Actor Rob Lowe: I was my sick mother's caregiver, don't underestimate the stress caregivers face
Right now, 40 million Americans are doing truly selfless work by serving as unpaid family caregivers for a loved one. About 25 percent of those caregivers are millennials, who often feel forced to choose between their careers and caring for their aging parents and grandparents.
I can relate. When I was in my thirties, my brothers and I cared for our mother throughout her stage 4 breast cancer diagnosis. It’s not a role I was expecting to land, it didn’t come with much preparation, but it turned out to be one of the most rewarding things I’ve ever done — and, undeniably, one of the most difficult.
Caregiving for a loved one is a role that millions more Americans will take on in the coming decades — especially with so many baby boomers saying they want to age in place instead of entering retirement homes or care facilities. There are many upsides to being cared for by devoted and well-trained family caregivers, including a reduction in hospital readmissions and a chance for families to bond during a difficult time. But the caregivers themselves often end up paying a high cost, both physically and financially, which is rarely discussed.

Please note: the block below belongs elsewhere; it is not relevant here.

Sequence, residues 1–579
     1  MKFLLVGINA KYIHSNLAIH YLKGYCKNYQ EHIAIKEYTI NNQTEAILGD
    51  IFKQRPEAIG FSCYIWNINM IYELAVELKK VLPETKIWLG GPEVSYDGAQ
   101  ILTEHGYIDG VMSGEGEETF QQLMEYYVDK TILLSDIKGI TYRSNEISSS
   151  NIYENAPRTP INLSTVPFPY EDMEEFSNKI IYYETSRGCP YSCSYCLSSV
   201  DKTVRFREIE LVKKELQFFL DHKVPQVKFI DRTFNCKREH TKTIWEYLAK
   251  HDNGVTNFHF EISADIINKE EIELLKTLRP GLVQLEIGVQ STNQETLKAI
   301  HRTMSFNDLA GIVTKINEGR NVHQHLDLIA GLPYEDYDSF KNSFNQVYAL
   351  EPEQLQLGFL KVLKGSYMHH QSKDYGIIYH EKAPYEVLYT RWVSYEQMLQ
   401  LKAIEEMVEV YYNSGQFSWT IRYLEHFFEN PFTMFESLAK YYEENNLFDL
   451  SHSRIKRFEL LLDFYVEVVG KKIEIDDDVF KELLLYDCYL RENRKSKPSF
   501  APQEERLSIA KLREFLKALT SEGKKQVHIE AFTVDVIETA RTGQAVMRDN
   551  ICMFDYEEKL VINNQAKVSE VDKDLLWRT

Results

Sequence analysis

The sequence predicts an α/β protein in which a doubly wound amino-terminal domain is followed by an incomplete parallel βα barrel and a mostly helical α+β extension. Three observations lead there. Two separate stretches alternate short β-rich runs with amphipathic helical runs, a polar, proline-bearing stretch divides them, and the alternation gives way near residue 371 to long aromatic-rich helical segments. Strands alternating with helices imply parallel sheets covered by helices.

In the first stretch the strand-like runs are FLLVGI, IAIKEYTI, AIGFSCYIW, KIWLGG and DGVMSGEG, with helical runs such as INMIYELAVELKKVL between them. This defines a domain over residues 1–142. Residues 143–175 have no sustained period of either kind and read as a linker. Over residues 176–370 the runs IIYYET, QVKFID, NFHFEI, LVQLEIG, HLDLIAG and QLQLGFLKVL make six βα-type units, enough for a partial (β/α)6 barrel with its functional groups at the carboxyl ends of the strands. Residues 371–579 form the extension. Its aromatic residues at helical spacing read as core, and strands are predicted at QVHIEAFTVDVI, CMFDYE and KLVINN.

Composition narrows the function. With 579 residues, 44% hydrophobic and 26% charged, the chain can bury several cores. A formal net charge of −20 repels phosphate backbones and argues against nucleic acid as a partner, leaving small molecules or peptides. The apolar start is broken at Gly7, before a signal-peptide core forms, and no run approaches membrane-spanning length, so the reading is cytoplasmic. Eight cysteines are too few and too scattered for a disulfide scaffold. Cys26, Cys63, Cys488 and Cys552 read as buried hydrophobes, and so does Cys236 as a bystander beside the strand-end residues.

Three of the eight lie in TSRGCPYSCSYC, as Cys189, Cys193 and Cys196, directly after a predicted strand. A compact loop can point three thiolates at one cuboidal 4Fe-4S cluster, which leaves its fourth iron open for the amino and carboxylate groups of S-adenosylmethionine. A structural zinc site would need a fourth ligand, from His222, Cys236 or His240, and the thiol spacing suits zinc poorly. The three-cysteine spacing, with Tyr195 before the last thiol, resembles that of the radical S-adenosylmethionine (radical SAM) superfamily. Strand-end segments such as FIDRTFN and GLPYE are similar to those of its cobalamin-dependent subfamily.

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The mental, physical and emotional stress of caregiving (which often goes unreported and untreated until it’s too late) has created a vast looming problem for our health care system, yet few caregivers feel comfortable discussing these challenges.
So I’ll go first.
When my brothers and I stepped up to serve as my mother’s caregivers, we did everything we could to support her, from hospitals to hospice care. This often meant trying to figure out and manage her medical paperwork, medication schedules and in-house help, and continually redefining an ever-changing “new normal” for all of us. I often felt overwhelmed, and that was even with all the support I had from my brothers and colleagues.
Caregivers must embrace self-care
Many caregivers aren’t as lucky as I was. A recent study by the National Alliance for Caregiving found that a third of caregivers in America do it alone, without any paid or unpaid help — and this uphill battle can lead to a domino effect of health and financial problems for the caregivers themselves.
When you’re caring for a loved one, there’s nothing you won’t do (or sacrifice) to give them as much comfort and peace of mind as you can possibly provide. Often, that means you’ll skip your social obligations, wreck your diet, suffer sleep deprivation, and even risk your career, all to help a loved one through the most difficult time of their life.
Over time, the stress of caregiving can lead to long-term health problems. A 2017 survey by Embracing Carers found that roughly half of unpaid U.S. caregivers suffer from feelings of depression (49 percent), sleep trouble (57 percent), weight fluctuation (46 percent) and other health complications — and that’s before stress related to money even enters the discussion.